A look at the evidence for stress and anxiety supplements


gaia kava root supplement
Gaia Herbs Farm.

In the best and largest study (partly funded by a kava supplement maker), researchers randomly assigned 171 adults with generalized anxiety to take a daily placebo or 240 mg of kavalactones (kava’s active ingredient).

After 16 weeks, anxiety scores dropped similarly in both groups. But those taking kava reported poorer memory and muscle tremors more often than the placebo takers.

What’s more, liver enzymes increased in the kava group, though no kava takers suffered acute liver injury (a known risk of kava).


bottle of GABA supplement
Natural Factors.

In one of the few studies (none of them rigorous), 63 young Japanese adults took a placebo or 100 mg of GABA on separate days before performing mentally taxing tasks.

According to questionnaires filled out by the volunteers, feelings of “vigor” dropped less when they took GABA than when they took the placebo.

But the authors didn’t report the questionnaire’s results for anxiety or depression. Why not?


bottle of ashwaganda supplement
Nature’s Way.

In one study, 58 adults with “moderate” stress were randomly assigned to take 250 mg of ashwagandha, 600 mg of ashwagandha, or a placebo every day.

After 8 weeks, stress fell by a modest 8 to 9 points (on a scale of 0 to 40) in the ashwagandha takers versus 6 points in the placebo takers.

But in another (company-funded) study of 57 adults who also had “moderate” stress levels, those who took 225 mg or 400 mg of ashwagandha every day for 30 days reported no less stress or anxiety than placebo takers.


bottle of l-theanine supplement
NOW Foods.

In a small study co-authored by supplement company employees, 12 young men reported lower levels of stress and anxiety when they took 200 mg of L-theanine rather than a placebo before taking a challenging math test.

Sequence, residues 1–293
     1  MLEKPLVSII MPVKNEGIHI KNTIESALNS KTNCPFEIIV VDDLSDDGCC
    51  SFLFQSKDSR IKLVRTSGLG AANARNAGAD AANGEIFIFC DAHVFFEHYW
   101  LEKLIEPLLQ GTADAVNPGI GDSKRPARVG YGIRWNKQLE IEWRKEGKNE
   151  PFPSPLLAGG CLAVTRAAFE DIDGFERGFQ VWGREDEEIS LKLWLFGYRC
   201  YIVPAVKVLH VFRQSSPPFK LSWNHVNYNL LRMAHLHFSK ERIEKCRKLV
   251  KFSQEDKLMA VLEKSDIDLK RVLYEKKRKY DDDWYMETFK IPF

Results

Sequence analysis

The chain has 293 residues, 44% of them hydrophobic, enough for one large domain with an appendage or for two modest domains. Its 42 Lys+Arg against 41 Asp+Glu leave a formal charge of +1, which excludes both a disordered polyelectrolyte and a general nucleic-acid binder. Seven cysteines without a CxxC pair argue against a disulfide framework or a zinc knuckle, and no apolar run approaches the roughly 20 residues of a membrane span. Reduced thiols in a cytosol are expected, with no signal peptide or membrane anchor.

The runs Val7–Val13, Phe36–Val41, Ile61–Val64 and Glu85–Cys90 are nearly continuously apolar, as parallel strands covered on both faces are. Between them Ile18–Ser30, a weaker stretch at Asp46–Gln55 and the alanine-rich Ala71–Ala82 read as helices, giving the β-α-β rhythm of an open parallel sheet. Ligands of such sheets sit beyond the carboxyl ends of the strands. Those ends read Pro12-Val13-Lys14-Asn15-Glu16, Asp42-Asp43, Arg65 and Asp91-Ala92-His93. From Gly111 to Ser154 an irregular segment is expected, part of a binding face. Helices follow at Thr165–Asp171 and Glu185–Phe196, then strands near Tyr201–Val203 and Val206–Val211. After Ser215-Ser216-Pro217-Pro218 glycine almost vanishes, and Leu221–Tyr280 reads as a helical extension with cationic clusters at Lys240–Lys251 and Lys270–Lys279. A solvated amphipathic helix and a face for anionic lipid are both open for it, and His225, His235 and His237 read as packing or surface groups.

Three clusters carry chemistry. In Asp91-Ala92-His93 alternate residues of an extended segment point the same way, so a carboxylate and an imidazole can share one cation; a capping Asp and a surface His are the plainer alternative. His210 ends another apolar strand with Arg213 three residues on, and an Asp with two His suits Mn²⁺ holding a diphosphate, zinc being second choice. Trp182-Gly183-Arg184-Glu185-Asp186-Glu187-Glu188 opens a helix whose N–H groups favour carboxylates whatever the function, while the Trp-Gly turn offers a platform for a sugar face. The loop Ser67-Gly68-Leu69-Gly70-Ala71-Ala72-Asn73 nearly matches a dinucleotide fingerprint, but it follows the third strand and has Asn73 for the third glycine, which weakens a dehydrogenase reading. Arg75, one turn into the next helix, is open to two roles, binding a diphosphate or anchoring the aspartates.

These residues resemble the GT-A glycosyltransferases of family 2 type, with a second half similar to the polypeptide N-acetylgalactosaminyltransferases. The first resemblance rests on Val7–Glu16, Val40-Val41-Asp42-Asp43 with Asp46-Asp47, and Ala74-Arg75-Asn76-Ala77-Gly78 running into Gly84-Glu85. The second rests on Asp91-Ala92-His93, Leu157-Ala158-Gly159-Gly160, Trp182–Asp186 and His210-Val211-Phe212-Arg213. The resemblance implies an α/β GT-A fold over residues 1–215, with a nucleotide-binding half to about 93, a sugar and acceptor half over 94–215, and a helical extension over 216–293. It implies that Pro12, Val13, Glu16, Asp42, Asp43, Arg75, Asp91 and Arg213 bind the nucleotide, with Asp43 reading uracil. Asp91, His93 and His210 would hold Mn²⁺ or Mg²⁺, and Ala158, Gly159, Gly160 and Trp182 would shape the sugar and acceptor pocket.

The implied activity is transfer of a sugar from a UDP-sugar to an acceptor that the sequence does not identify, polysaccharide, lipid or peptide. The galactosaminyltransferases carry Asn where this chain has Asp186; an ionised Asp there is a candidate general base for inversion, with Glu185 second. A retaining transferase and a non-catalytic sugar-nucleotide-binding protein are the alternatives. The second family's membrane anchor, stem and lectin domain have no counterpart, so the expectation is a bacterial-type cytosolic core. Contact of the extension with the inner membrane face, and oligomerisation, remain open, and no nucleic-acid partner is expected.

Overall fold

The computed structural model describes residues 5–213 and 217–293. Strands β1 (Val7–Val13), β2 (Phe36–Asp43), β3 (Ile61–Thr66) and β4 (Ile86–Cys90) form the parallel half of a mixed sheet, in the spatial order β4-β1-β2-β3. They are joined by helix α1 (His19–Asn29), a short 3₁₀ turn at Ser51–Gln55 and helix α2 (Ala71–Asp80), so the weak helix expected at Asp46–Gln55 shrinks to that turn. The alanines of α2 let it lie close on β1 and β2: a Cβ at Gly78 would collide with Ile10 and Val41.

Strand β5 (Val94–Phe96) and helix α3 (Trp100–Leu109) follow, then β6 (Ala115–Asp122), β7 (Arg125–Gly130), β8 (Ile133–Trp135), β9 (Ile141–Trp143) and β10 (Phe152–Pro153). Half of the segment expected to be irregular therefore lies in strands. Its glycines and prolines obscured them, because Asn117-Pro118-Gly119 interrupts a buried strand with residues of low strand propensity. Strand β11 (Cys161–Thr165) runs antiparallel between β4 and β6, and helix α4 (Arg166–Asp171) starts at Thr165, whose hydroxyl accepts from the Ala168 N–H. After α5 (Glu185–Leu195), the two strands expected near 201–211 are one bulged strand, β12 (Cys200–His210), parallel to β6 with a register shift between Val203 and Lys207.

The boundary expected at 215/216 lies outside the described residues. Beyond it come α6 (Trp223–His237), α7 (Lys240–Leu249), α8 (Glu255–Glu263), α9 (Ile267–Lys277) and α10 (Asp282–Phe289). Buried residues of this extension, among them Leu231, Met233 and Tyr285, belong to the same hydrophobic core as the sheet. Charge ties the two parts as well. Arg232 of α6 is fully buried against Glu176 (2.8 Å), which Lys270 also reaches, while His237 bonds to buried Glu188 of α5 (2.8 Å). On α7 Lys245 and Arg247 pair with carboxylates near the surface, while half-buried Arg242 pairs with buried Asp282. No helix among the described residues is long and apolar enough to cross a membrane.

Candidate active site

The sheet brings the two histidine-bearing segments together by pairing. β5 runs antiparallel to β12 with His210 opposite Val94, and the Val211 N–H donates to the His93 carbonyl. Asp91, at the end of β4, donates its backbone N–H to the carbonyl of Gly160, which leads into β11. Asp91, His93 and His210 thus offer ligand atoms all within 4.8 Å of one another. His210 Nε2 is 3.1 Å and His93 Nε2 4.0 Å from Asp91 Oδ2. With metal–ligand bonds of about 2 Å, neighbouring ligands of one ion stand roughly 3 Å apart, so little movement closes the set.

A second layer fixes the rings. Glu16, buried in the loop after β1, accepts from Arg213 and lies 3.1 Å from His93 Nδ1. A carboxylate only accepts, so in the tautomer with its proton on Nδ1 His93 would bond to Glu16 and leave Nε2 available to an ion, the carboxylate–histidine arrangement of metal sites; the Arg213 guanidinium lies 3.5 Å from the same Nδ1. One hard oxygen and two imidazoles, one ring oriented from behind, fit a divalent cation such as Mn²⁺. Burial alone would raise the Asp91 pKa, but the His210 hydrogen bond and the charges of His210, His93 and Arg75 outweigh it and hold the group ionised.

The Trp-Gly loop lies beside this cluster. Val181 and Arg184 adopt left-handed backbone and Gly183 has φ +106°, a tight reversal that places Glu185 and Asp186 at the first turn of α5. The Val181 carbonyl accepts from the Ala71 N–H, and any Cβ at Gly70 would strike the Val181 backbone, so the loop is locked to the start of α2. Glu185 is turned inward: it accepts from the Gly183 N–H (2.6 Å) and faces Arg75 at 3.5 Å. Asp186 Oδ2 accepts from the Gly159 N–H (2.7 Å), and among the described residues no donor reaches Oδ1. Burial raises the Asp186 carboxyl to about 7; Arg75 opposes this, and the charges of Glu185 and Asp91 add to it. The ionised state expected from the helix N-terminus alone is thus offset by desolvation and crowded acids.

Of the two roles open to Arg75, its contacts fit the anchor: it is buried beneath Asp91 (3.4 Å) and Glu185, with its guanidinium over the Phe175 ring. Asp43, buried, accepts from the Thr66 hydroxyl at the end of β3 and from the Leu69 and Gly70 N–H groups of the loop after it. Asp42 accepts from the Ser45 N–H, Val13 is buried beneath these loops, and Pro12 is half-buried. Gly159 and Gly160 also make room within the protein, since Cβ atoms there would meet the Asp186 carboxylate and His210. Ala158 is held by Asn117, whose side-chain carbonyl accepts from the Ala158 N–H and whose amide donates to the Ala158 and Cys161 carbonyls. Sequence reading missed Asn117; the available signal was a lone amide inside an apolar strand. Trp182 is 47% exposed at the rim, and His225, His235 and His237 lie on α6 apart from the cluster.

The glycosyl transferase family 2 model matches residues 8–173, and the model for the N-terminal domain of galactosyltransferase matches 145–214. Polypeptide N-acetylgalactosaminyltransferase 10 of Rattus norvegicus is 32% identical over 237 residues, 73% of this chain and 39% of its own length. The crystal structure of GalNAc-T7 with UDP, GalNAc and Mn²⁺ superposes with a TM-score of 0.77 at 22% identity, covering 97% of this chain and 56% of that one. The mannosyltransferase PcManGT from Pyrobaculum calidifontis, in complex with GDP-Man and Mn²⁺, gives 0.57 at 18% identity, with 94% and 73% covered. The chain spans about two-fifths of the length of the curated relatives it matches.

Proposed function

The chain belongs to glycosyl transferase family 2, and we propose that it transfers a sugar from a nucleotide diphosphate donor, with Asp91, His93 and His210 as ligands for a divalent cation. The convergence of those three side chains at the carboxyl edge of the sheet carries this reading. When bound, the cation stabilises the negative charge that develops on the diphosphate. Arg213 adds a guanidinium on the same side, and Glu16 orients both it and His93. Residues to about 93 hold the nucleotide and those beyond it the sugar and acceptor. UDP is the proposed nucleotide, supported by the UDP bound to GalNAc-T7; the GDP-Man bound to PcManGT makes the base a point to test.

But even if those results are confirmed by larger studies, it doesn’t mean that L-theanine can help people with anxiety disorder.

Australian researchers (who were partially funded by a supplement maker) randomly assigned 46 adults with generalized anxiety to take either 450 mg of L-theanine or a placebo every day. (After a month, the researchers bumped up the L-theanine to 900 mg a day for those whose symptoms hadn’t improved.) After two months, anxiety scores dropped similarly in both groups.


CBD supplement
Charlotte’s Web.

In several trials, high doses of CBD (cannabidiol) lowered anxiety caused by a stressful situation like public speaking.

But results are inconsistent.

In one better-designed study, for example, researchers randomly assigned 32 adults with high levels of paranoia (but no psychosis) to take 600 milligrams of CBD or a placebo. (The senior author had ties to the CBD industry.)

Two hours later, the volunteers were immersed in a stress-inducing virtual reality session that made them anxious and raised their heart rate and blood pressure. Those who were given CBD fared no better than the placebo takers.

Research on lower doses isn’t very encouraging, either. (Many CBD supplements, gummies, and oils have no more than 30 mg of cannabidiol per dose.)

In the only study using low-dose CBD—it was funded by a CBD company—healthy adults with overweight or obesity who took 15 mg of CBD every day for six weeks reported no greater improvement in measures of well-being like stress, sleep quality, relaxation, or mental clarity than those who took a placebo.

But that hasn’t stopped companies like Charlotte’s Web from marketing its 10 mg CBD gummies to “ease normal anxiety” and “manage everyday stressors.”

Low doses of CBD aren’t likely to help people with high levels of stress or anxiety, either, though they haven’t been tested.